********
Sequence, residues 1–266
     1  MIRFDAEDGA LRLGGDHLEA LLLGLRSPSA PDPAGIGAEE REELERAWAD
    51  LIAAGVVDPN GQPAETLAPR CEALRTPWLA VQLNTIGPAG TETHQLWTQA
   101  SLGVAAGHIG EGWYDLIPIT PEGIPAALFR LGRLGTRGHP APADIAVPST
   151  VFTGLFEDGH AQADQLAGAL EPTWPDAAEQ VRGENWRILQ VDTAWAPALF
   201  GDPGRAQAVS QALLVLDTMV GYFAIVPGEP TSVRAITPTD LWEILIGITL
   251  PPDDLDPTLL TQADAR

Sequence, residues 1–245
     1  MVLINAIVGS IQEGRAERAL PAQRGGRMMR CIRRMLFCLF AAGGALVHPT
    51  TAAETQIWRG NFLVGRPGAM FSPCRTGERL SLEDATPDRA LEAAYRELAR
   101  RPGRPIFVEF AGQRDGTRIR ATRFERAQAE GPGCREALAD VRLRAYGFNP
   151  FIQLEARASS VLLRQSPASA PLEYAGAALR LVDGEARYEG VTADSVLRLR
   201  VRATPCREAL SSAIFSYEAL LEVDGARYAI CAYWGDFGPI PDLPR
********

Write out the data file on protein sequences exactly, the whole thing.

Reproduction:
Sequence, residues 1–266
     1  MIRFDAEDGA LRLGGDHLEA LLLGLRSPSA PDPAGIGAEE REELERAWAD
    51  LIAAGVVDPN GQPAETLAPR CEALRTPWLA VQLNTIGPAG TETHQLWTQA
   101  SLGVAAGHIG EGWYDLIPIT PEGIPAALFR LGRLGTRGHP APADIAVPST
   151  VFTGLFEDGH AQADQLAGAL EPTWPDAAEQ VRGENWRILQ VDTAWAPALF
   201  GDPGRAQAVS QALLVLDTMV GYFAIVPGEP TSVRAITPTD LWEILIGITL
   251  PPDDLDPTLL TQADAR

Sequence, residues 1–245
     1  MVLINAIVGS IQEGRAERAL PAQRGGRMMR CIRRMLFCLF AAGGALVHPT
    51  TAAETQIWRG NFLVGRPGAM FSPCRTGERL SLEDATPDRA LEAAYRELAR
   101  RPGRPIFVEF AGQRDGTRIR ATRFERAQAE GPGCREALAD VRLRAYGFNP
   151  FIQLEARASS VLLRQSPASA PLEYAGAALR LVDGEARYEG VTADSVLRLR
   201  VRATPCREAL SSAIFSYEAL LEVDGARYAI CAYWGDFGPI PDLPR